Physical Abuse in the Nursing Home
When most people think of abuse, whether they think of spousal abuse, child abuse, or even animal abuse, they think of physical abuse. Physical abuse can occur in many different settings, including nursing homes. When physical abuse occurs in a nursing home, the victim is not always able to fight back or speak up about his or her treatment. This is why it is critical for family members and other loved ones of nursing home residents to learn to recognize the symptoms of physical abuse and what to do if they suspect their loved ones are victims.
As an experienced nursing home abuse lawyer, I can help you be a strong advocate for your loved one. If you suspect he or she is suffering from physical abuse or any other type of abuse, such as emotional or financial abuse, contact my office to discuss the best way to pursue justice for your loved one and potentially recover compensation for his or her damages through a nursing home abuse claim. I have handled many nursing home abuse claims as well as other types of medical malpractice claim since starting my practice in 1982.Examples of Physical Abuse that Can Occur in a Nursing Home
Physical abuse includes actions like hitting, kicking, and shoving a victim, but it is not limited to these. It can also include the intentional deprivation of food, water, or medical treatment. Basically, any act that intentionally causes bodily harm to a victim is a form of physical abuse.
Examples of physical abuse that can occur in a nursing home include:
- Hitting the victim;
- Burning the victim;
- Failing to provide the victim with medical attention when necessary, in either an emergency situation or simply failing to provide him or her with daily medication;
- Kicking a victim;
- Physically restraining a victim against his or her will if it is not necessary to prevent him or her from harming him- or herself;
- Force feeding a resident;
- Tossing a resident onto his or her bed, into his or her wheelchair, or into any other piece of furniture; and
- Pushing a resident.
Although sexual abuse is often considered to be a separate type of mistreatment from physical abuse, the two can overlap. Both involve harm to the victim’s body without his or her consent and can have a lasting impact on his or her overall health. However, physical abuse can occur without sexual abuse and in some cases, sexual abuse can occur independently of physical abuse.
Examples of sexual abuse that can occur in a nursing home include:
- Forcing a resident to strip naked;
- Forcing or coercing a resident to engage in sexual activity;
- Touching a resident in a sexual manner without his or her consent;
- Sexual harassment, such as attempting to exchange favorable treatment for sexual activity;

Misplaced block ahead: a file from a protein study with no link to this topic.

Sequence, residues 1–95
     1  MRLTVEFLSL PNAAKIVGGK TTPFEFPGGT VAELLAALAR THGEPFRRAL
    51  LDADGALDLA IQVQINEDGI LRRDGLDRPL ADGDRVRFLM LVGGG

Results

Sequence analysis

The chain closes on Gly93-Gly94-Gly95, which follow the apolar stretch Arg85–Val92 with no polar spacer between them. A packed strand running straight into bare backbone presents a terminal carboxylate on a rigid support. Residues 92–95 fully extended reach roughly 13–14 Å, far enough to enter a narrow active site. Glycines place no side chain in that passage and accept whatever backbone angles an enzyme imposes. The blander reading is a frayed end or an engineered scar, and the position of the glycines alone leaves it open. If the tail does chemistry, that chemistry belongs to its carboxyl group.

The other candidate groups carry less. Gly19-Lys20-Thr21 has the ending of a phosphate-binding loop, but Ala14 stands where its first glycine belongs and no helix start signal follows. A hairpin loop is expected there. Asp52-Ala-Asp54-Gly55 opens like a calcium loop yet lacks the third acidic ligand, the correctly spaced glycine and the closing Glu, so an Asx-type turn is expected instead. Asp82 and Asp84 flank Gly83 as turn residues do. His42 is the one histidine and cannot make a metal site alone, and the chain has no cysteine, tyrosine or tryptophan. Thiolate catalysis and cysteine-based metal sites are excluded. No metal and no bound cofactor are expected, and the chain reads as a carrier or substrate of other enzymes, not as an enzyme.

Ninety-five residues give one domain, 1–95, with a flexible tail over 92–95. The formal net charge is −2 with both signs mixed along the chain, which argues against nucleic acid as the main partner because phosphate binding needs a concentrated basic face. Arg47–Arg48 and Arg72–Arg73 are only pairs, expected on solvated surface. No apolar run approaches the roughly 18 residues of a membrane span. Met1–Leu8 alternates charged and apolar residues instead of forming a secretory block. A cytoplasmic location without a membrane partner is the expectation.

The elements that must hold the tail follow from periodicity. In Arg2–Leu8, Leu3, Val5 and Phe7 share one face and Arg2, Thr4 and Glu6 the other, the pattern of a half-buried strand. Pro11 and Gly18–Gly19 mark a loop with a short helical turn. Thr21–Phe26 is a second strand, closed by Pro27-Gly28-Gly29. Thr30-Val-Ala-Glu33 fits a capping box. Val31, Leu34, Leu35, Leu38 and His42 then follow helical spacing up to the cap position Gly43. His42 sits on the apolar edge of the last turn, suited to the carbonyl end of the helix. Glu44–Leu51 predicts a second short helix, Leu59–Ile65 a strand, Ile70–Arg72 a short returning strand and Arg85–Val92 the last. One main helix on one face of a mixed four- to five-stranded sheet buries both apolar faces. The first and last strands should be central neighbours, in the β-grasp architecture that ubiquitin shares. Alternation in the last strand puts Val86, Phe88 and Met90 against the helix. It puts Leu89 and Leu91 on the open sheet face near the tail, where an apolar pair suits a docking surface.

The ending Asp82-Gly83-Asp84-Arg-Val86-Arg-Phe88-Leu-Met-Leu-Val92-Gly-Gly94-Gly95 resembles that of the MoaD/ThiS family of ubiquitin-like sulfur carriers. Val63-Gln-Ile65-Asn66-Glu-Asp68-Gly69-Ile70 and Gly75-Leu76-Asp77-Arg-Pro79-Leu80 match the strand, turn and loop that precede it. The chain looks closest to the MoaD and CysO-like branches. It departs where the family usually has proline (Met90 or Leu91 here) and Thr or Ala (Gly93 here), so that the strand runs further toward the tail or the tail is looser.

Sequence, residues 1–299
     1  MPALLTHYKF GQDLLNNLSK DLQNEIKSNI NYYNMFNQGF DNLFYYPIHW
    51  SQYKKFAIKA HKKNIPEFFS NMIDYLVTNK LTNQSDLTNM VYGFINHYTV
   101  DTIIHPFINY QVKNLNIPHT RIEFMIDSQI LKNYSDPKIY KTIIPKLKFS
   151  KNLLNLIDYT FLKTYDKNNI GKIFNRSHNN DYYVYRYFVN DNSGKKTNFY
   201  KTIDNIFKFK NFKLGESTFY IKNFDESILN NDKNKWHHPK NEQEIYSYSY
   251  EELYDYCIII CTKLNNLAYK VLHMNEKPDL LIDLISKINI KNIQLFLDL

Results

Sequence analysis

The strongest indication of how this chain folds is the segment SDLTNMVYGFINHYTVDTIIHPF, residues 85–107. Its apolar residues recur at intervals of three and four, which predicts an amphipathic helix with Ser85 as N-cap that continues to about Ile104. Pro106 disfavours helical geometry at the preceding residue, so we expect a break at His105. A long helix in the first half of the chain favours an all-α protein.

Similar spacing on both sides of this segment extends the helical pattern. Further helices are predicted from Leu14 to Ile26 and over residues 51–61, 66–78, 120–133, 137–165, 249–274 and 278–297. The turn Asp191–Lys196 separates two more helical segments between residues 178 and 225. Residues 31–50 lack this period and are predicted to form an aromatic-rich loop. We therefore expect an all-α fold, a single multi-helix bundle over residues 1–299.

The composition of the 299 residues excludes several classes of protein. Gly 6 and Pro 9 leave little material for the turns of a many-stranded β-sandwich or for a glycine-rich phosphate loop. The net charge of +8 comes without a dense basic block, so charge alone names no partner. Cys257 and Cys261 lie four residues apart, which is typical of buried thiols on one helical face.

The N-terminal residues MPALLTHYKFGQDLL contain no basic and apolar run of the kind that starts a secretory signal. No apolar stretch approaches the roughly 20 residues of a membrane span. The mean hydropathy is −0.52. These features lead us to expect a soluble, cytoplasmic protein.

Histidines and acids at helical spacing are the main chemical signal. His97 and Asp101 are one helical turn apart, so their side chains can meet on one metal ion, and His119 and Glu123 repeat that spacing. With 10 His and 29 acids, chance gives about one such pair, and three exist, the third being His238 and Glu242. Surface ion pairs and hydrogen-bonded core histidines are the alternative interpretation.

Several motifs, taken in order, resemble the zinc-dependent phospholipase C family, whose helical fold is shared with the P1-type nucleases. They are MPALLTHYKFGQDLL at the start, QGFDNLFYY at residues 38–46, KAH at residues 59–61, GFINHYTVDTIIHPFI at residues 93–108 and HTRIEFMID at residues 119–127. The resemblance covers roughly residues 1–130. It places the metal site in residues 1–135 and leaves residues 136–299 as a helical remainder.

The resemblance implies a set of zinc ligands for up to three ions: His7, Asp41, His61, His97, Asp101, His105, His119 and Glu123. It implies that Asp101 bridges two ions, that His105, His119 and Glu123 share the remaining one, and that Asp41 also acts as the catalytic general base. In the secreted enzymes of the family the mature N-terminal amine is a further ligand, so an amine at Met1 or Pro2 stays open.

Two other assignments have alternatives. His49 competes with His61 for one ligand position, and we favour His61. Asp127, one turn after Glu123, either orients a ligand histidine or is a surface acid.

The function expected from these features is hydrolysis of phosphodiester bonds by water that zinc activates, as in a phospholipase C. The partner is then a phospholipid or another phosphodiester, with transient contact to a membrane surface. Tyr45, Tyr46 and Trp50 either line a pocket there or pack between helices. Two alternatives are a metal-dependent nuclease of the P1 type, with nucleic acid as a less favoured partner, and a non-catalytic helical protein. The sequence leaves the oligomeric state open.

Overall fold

- Rape; and
- Photographing residents in sexual or provocative poses without their consent.
Physical and sexual abuse can both have a significant impact on a victim. These effects can be both physical and psychological.
Psychological effects of physical and sexual abuse can include the following:
- A change in personality, such as becoming withdrawn, irritable, fearful, anxious, or depressed;
- Changes to the victim’s mental health, such as the development of a post traumatic stress disorder or depression;
- Difficulty sleeping;
- Learned helplessness;
- A loss of interest in hobbies and activities he or she previously enjoyed; and
- Mood swings.
The physical effects of abuse include:
- Bruises, cuts, and scratches on the victim’s body. In cases of sexual abuse, these may be on his or her inner thighs or genital area;
- A change to the victim’s physical health, such as a worsened health condition;
- Dramatic weight loss;
- Broken bones;
- In cases of sexual abuse, vaginal or anal bleeding;
- In cases of sexual abuse, a sexually transmitted disease; and
- Difficulty sitting, walking, or with other types of movement.
Both types of abuse can have a long-term impact on a victim’s health as well. It can shorten a victim’s life or cause chronic conditions to become worse, potentially to a point from which the victim cannot recover. New injuries suffered as a result of abuse can complicate existing injuries and conditions.Protect your Loved One from Physical Abuse in the Nursing Home
Visit your loved one in the nursing home frequently. During these visits, talk to him or her about the care he or she receives and if you notice any changes in his or her physical health or demeanor, ask about them. Discuss these changes with your loved one and with his or her caregivers to determine their cause. Sometimes, bruising, weight loss, and emotional changes are side effects of medication or complications stemming from a health condition.
Discuss your concerns with an experienced nursing home abuse lawyer to determine if filing a nursing home abuse claim with the California Department of Public Health Licensing and Certification program would be the most effective course of action. You will need to demonstrate that your loved one was a victim of abuse through evidence like photographs, testimonies from your loved one and others who witnesses the abuse, and a copy of his or her medical record.Work with an Experienced California Nursing Home Abuse Lawyer
I’m Ed Smith, a Sacramento nursing home abuse lawyer. If you or a loved one has suffered negligence and/or abuse in a nursing home setting, please give me a call at 916.921.6400 for free, friendly and no obligation advice.
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